1. Inbound

Ensuring the right potential buyers actually see your content is as important as developing compelling content in the first place. We build targeted paid and organic acquisition programmes for search and social marketing to connect you with buyers that choose to ‘opt-in’. SEO then ensures your digital infrastructure is at the top of its game and implements ongoing strategy to build authority and compete for the traffic you want.

  1. Outbound

‘Batch and blast’ tactics have long since expired and relying on email alone is a fast way to go nowhere with buyers. There’s a place for outbound, but careful segmentation and strategy for developing nurture and trigger emails is vital. Scintillating email subject lines and crisp copy are still important, but timing and targeting are also crucial. And it doesn’t have to be just email. An outbound call to qualify a prospect in or out is a powerful way to accelerate progress and improve conversion.

  1. Lead Generation

Delivering a constant stream of high-quality marketing leads (MQLs) can be a challenge for marketing teams, but it isn’t impossible. We know the hard sell doesn’t work, and you have to allow buyers to self-select into your sales funnel. You can use content for inbound acquisition to capture the imagination and interest, then engage and nurture prospects through the stages of the buyer journey with planned content, all the while qualifying their readiness to buy.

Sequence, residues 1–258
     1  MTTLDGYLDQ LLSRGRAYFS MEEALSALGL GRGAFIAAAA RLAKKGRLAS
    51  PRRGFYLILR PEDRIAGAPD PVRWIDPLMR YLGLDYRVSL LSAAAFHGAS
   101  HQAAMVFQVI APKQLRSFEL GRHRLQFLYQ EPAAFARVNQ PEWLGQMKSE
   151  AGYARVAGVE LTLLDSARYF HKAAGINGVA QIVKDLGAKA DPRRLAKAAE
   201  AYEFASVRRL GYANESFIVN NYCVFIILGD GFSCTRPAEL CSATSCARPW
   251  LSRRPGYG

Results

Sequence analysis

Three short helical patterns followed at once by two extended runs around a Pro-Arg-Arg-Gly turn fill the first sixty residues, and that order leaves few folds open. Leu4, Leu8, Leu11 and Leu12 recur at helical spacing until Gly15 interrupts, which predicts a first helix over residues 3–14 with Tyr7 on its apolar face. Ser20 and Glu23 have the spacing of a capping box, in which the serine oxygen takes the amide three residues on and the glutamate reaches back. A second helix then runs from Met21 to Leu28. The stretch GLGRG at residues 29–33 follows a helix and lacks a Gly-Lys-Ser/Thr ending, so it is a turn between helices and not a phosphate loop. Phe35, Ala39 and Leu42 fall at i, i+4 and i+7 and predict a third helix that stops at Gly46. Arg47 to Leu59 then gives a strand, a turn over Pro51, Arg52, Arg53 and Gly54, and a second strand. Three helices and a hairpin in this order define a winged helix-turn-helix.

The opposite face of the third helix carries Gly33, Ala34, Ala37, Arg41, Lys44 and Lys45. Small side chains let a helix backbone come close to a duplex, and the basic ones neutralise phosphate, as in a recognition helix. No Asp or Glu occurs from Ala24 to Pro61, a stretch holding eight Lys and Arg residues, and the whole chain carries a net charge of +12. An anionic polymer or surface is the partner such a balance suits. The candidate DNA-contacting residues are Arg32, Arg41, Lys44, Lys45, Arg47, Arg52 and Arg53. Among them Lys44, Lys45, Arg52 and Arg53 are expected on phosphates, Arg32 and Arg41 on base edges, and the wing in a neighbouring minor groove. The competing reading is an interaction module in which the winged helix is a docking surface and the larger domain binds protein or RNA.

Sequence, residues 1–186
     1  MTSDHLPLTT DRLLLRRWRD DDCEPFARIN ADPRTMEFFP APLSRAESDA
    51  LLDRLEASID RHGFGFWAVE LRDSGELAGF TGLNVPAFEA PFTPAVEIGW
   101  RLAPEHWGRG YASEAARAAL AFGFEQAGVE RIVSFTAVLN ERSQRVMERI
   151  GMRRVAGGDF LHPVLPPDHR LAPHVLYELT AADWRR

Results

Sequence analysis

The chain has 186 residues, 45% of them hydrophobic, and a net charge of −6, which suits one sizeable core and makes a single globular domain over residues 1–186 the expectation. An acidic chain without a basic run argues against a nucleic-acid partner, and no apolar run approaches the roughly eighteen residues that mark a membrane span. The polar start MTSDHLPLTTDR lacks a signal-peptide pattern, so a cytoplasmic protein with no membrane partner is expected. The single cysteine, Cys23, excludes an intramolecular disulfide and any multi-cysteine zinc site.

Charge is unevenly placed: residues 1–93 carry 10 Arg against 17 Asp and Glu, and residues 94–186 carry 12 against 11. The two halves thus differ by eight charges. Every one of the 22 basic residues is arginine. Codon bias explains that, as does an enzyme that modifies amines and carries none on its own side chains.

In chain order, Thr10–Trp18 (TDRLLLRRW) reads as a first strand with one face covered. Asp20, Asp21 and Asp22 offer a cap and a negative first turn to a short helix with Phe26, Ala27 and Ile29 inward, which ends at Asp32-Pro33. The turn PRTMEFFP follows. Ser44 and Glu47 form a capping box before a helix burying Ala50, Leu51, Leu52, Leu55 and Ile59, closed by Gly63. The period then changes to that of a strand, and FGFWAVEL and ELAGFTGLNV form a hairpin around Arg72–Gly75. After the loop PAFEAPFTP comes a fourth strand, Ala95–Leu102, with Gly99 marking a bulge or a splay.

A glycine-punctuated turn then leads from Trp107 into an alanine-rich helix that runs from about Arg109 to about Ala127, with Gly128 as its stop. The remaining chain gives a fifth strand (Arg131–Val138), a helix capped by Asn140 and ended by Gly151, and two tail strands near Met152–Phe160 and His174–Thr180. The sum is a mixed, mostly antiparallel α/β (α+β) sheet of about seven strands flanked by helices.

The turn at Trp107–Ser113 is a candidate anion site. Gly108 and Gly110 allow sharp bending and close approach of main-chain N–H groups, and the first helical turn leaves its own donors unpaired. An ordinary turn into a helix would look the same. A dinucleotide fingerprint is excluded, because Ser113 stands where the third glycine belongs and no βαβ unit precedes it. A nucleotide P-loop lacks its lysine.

1. Web & Digital

Content marketing goes hand in hand with digital. A ‘fit-for-purpose’ website is essential to engaging buyers beyond a landing page, delivering the information they seek and inviting them through a content journey. Analytics provide the critical visibility to track buyer behaviour and to benchmark and monitor ongoing marketing performance. It’s important to also connect and select the right tools and technologies to see what’s happening with your marketing and to make informed decisions.

  1. Social

If you’re still not sure social has a place in B2B, stop reading now. We think it’s transformative. Consider social as the new alternative to email, helping you raise awareness, extend your reach and acquire the right audiences, including C-level, and to build segmented paid and organic outbound campaigns that deliver your message through opt-in channels.

  1. Events